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The Senate Advisory Committee on University Affairs met virtually Monday afternoon with University President Mark Schlissel to discuss the logistics of the upcoming fall semester, including information regarding the people and factors influencing these decisions. Following a brief introduction by Schlissel, a Question and Answer session was held to respond to some faculty inquiries and concerns regarding the possible return to campus. The Q&A section of the discussion was moderated by SACUA Chair Colleen Conway.
Schlissel began the meeting by stating the importance of engagement as a component of undergraduate and graduate education. Schlissel mentioned the benefit of co-curriculum, which includes the organized student activities that take place beyond the confines of the courses taught inside of the classroom.
“Everything from being a writer on The Michigan Daily to being in (recreational) sports to being the president of a sorority or fraternity,” Schlissel said. “These are all part of the university experience that many of us benefited from and that I think, optimally or ideally, we would like our students to benefit from as well, at least to the fullest extent possible. But, of course, we are living in unique times in terms of this global health crisis, where personal safety and the ability of society to continue to drive its economy to function and for us to be social, are all threatened by this pandemic and our response to it.”
Schlissel discussed the two possible tracks in which the fall semester could function, one consisting of a fully online experience and another introduced as a hybrid of both virtual and in-person classes.
“The first is the possibility of having to be fully remote,” Schlissel said. “I want to make sure that we are prepared to deliver a credible, high-quality, online curriculum if we have to. We are planning for what I’m calling a public health-informed in-residence or in-person semester. Taking account of public health and medical principles, but also of our values, our ethics, our sense of privacy and all of our personal concerns to see whether we can design a semester that’s probably a hybrid where some things are delivered online and some things are done in person, but we offer the students an opportunity to come back to Ann Arbor.”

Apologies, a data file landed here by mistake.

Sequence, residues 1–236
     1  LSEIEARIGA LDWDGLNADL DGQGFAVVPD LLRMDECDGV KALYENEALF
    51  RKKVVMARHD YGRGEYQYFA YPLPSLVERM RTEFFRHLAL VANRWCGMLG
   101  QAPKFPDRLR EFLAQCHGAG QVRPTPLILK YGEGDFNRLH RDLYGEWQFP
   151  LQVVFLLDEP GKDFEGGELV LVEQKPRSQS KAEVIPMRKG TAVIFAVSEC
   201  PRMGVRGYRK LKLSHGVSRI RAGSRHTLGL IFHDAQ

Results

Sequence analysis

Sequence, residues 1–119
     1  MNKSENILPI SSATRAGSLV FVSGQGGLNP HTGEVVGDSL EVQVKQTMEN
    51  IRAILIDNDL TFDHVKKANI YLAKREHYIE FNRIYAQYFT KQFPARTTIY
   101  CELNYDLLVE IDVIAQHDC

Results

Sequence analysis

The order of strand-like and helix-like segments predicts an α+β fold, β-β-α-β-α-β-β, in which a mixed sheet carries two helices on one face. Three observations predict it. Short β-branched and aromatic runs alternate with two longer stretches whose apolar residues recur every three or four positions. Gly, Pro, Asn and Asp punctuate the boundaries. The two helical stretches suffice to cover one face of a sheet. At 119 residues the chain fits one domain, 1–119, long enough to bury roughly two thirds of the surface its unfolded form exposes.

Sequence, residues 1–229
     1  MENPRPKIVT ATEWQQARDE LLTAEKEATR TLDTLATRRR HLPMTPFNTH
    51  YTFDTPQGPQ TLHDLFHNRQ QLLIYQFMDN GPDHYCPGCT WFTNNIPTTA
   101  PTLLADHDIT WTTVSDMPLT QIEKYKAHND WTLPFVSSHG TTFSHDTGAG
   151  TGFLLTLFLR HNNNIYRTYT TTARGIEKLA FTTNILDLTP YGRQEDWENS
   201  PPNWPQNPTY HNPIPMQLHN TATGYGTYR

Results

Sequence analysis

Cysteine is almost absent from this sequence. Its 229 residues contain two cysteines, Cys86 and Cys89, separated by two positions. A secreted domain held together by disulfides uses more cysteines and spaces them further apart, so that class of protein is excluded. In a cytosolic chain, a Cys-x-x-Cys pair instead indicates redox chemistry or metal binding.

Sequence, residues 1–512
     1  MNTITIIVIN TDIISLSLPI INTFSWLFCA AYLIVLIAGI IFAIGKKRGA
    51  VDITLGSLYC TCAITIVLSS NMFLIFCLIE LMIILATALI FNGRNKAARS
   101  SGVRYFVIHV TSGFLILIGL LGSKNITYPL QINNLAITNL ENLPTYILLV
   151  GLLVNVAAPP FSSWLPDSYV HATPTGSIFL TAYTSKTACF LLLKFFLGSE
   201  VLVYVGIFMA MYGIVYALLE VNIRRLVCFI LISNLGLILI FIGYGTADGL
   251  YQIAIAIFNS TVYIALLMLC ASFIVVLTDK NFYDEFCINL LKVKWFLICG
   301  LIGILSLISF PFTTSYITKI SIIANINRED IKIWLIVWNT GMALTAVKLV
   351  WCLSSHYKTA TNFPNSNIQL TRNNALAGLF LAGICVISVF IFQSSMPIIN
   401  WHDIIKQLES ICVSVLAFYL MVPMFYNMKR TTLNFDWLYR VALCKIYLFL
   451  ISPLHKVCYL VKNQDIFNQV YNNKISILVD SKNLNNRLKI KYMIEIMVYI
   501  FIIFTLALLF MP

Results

Schlissel clarified the reasoning for two separate options for the arrangement of the 2020-2021 academic year, referencing his fear in a potential second wave of the pandemic.
“Many states, including our own, recently have relaxed the stringency of their stay-at-home controls resulting in people getting together … and people behaving with all different levels of concern over spreading this infectious illness, which is still out there,” Schlissel said. “We will see in the coming weeks whether this relaxed behavior results in a second wave of infection or not. If there is a big second wave, we may be back where we started from. We may be back and doing most everything remotely. It is also possible that executive orders, orders from the governor, who has placed controls on different aspects of the economy and our activities for the sake of controlling the pandmeic. She may issue new ones that limit what we are allowed to do. ”
Schlissel then discussed the strategies employed in planning the return of students and faculty to campus, including the creation of numerous committees at different levels of administration. For example, there is the COVID Leadership group, which consists of an expanded group of leaders to work on the challenges across campus, and exists at the executive level. A committee of public health and medical experts and a committee focused on issues of ethics and privacy were also designed on the campus level. The addition of committees revolving around Student Life are tackling changes in housing, dining and recreational activities as well.